Margretta Reed Seashore MD
Professor of Genetics, of Laboratory Medicine, of Nursing and of Pediatrics; Director, Biochemical Disease Detection Laboratory
Clinical Genetics; Inborn errors of metabolism, diagnosis and treatment
- Clinical trial to study the effectiveness of a tetrahydrobiopterin, (BH4) a new investigational drug to lower the levels of phenylalanine (Phe) in the blood of persons diagnosed with phenylketonuria (PKU).
- Longitudinal study on outcome of urea cycle disorders.
- Hepatocyte transfer in urea cycle disorders
The success of treatment of inborn errors of metabolism depends upon early diagnosis and effective long-term management. We are concerned with improving the treatment of these genetic disorders. Our activities include diagnosis and screening, therapy, prenatal diagnosis and genetic counseling.
Extensive Research Description
Our interest is in the delineation and characterization of a number
of inherited disorders of clinical importance. These include inborn
errors of metabolism, single gene disorders, and certain other
disorders with a genetic component.
With the support of the New England Regional Genetics Group we are
looking at the factors which favor collaboration among metabolic
specialists who care for children and adults with inherited disorders
of metabolism. We are looking at collaborative treatment protocols,
diagnostic strategies, and process and outcomes of newborn screening.
The data implicate a false positive newborn screening test as a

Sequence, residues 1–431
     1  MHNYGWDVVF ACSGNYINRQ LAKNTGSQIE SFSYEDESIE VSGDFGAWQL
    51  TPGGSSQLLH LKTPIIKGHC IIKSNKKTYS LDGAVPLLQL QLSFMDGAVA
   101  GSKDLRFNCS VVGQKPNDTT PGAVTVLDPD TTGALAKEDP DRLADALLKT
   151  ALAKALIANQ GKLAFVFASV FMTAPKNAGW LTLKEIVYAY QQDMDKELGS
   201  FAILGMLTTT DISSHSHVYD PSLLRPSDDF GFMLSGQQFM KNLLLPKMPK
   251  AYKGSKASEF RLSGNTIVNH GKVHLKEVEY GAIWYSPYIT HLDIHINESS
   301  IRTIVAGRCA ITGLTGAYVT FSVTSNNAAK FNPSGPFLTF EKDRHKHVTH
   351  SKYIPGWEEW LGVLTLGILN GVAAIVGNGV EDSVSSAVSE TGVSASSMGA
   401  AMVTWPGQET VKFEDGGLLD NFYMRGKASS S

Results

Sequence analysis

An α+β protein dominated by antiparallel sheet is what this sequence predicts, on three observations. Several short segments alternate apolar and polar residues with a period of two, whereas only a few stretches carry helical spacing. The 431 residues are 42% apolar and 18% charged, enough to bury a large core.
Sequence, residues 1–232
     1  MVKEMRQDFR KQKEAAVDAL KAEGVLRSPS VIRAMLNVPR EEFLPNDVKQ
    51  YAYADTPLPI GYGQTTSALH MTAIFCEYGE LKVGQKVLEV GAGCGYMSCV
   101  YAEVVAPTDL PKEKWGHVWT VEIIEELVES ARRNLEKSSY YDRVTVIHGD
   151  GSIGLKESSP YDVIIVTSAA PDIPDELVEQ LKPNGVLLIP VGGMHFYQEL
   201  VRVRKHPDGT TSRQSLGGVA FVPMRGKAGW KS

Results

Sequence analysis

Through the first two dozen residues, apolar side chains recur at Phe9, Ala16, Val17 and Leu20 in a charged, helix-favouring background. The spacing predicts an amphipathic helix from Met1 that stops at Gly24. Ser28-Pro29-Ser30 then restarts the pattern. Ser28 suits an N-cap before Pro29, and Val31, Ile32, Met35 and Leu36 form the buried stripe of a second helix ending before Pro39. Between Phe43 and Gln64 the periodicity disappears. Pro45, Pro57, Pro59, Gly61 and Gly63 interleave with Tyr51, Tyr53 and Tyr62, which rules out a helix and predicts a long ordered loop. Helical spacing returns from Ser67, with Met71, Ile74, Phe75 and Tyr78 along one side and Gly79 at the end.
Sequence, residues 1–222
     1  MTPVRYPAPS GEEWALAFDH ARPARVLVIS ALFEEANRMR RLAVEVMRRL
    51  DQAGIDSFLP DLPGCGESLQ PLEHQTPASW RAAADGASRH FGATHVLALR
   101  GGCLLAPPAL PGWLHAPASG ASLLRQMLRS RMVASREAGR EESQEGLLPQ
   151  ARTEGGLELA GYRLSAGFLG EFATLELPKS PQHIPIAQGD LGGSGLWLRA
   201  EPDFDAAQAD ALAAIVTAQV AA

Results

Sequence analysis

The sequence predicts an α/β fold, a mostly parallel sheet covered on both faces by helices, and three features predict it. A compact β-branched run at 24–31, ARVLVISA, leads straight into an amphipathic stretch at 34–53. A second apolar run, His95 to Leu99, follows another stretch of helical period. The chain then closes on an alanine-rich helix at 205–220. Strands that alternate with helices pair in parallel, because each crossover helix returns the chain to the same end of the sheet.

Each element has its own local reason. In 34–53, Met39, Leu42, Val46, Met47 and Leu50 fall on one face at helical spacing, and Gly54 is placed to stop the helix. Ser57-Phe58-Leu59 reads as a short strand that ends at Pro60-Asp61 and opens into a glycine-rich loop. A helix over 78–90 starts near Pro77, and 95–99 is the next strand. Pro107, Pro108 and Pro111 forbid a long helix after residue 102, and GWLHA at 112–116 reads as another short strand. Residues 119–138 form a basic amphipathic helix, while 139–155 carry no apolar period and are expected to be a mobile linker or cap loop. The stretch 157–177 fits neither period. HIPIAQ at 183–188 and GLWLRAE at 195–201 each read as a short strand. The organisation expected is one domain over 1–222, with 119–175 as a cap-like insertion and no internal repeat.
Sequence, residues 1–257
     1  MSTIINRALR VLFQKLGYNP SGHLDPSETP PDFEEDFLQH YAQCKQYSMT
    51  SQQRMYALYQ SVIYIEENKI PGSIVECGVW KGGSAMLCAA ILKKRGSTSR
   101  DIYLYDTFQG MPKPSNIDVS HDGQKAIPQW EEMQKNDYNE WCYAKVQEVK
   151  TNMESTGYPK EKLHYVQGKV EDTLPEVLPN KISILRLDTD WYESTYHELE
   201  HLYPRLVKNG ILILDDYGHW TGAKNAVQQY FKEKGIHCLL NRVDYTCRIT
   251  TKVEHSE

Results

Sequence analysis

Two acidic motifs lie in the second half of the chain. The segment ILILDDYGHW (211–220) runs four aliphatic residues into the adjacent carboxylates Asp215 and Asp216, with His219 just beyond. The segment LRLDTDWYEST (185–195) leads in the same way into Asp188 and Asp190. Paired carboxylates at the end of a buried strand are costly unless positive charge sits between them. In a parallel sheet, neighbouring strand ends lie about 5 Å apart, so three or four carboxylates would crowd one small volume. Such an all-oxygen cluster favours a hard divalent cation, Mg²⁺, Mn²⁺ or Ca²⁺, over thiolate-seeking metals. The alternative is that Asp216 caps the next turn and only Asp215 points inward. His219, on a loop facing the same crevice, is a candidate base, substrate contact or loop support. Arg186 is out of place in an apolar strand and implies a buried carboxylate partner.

significant cause of anxiety in new parents, suggesting that prompt
assessment and confirmatory testing are crucial in the evaluation of
abnormal newborn screening results.
We are one 25 worldwide research sites conducting a clinical trial to study the effectiveness of a tetrahydrobiopterin, (BH4) a new investigational drug to lower the levels of phenylalanine (Phe) in the blood of persons diagnosed with phenylketonuria (PKU). We hope to learn whether or not this investigational drug will be effective to lessen some of the dietary restrictions necessary to lower the concentration of phenylalanine in the blood to acceptable treatment levels. This study is being done in the General Clinical Research Center at Yale New Haven Hospital in New Haven. We are collaborators in a multi-center consortium working to develop a clinical registry of patients with all urea cycle disorders. This effort is part of an NIH-sponsored Rare Diseases Clinical Research Network (RDCRN). An important aspect of this effort is a longitudinal study of outcome in urea cycle disorders. The goal of this study is to identify all of the patients in the North America and determine clinical outcomes, efficacy of treatment and the importance of timing of diagnosis.